Wed, 02/06/2013 - 12:33am Permalink
Uncle Bob (not verified)

In reply to by Anonymous8675309 (not verified)

They plan to introduce the bills.. now I'm not an expert on how congress works, or whatever, but having the bill introduced does not even guarantee they'll ever vote on it.. I know Ron Paul and Barney Frank introduced their own bill to End Federal Marijuana Prohibition back in 2011 (HR 2306).  I guess the way it works is there is a comprehensive 10 step process or whatever.. first a bill is Introduced, then it goes to a Committee, then that Committee has a hearing and decides if it'll go beyond there.. HR 2306 never even had the committee hearings, I don't think.. it just sorta hung there in limbo and likely will forever more since both Paul and Frank are retiring.

Heck, I don't even know the process, quite honeslty.  I just know Paul and Frank introduced that bill a couple years ago, and at gov tracker it's still at step 2 with no forward progress.

Public Opinion has shifted dramatically, though, so maybe they'll want to press forward this time and actually hear this bill out.. then again with all the gun control and debt issues occupying congress, they might be afraid the public would view it as an outrage if they spent any time debating or discussing marijuana policy with all "these other major issues" that "they need to fix" as taking a top priority.

Who knows, though?  One of the staff at this site once replied to a comment to say that politicians are opportunists.  If Marijauana reform presents a golden opportunity for some resaon or another, like say all these polls are showing overwhelming support among young Americans, they might move in and stirke while the iron is hot.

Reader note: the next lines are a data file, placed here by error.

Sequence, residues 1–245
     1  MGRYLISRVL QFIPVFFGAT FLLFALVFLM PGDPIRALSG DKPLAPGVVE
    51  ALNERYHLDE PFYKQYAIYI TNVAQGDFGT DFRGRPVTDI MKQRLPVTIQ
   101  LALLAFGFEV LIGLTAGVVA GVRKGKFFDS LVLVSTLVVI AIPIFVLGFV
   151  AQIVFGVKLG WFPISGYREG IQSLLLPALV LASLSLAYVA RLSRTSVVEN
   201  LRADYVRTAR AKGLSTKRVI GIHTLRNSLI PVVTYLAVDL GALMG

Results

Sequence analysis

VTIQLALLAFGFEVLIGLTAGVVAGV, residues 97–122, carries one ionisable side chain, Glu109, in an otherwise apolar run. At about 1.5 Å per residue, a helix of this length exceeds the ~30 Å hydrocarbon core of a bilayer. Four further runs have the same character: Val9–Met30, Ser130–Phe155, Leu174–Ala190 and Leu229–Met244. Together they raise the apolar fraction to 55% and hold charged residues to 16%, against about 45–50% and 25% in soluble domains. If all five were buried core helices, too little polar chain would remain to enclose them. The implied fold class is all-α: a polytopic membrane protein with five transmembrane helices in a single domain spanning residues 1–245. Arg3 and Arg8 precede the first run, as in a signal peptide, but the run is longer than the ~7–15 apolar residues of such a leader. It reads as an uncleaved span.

Wed, 02/06/2013 - 1:25am Permalink
CJ (not verified)

wow. that's so awesome. heh. best of luck to you all. if it works out and anybody is in NYC ill buy you a legal 20 sack then we can go to the park where my crusties are at [*wink*] and you can return the favor.


uhhh..hey Blumie... got any ink left in that pen to throw the word diacetylmorphine in that paper? cmon man, dont be like that.

Wed, 02/06/2013 - 7:43am Permalink

When will our Government realize it can profit more from taxing the sale of the harmless medicinal herb than by jailing people for it?  Groups are organizing all over the country to speak their minds on reforming pot laws and defending this plant.  I drew up a very cool poster for the cause which you can check out on my artist’s blog at  Drop in and let me know what you think!